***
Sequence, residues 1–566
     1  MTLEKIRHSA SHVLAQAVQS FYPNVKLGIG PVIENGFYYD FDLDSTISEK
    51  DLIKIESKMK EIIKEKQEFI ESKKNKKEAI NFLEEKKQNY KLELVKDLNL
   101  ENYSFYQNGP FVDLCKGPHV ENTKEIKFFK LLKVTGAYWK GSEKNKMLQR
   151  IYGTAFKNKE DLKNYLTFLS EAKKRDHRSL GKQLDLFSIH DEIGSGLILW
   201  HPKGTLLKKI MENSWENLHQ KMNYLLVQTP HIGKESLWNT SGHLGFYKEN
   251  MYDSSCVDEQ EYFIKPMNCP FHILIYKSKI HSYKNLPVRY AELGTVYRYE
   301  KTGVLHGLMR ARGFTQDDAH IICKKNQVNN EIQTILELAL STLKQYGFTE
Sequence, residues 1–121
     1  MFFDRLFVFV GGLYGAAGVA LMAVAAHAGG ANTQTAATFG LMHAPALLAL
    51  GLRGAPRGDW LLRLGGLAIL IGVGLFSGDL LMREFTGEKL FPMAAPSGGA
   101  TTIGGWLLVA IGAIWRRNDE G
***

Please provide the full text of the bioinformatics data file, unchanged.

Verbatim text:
Sequence, residues 1–566
     1  MTLEKIRHSA SHVLAQAVQS FYPNVKLGIG PVIENGFYYD FDLDSTISEK
    51  DLIKIESKMK EIIKEKQEFI ESKKNKKEAI NFLEEKKQNY KLELVKDLNL
   101  ENYSFYQNGP FVDLCKGPHV ENTKEIKFFK LLKVTGAYWK GSEKNKMLQR
   151  IYGTAFKNKE DLKNYLTFLS EAKKRDHRSL GKQLDLFSIH DEIGSGLILW
   201  HPKGTLLKKI MENSWENLHQ KMNYLLVQTP HIGKESLWNT SGHLGFYKEN
   251  MYDSSCVDEQ EYFIKPMNCP FHILIYKSKI HSYKNLPVRY AELGTVYRYE
   301  KTGVLHGLMR ARGFTQDDAH IICKKNQVNN EIQTILELAL STLKQYGFTE
Sequence, residues 1–121
     1  MFFDRLFVFV GGLYGAAGVA LMAVAAHAGG ANTQTAATFG LMHAPALLAL
    51  GLRGAPRGDW LLRLGGLAIL IGVGLFSGDL LMREFTGEKL FPMAAPSGGA
   101  TTIGGWLLVA IGAIWRRNDE G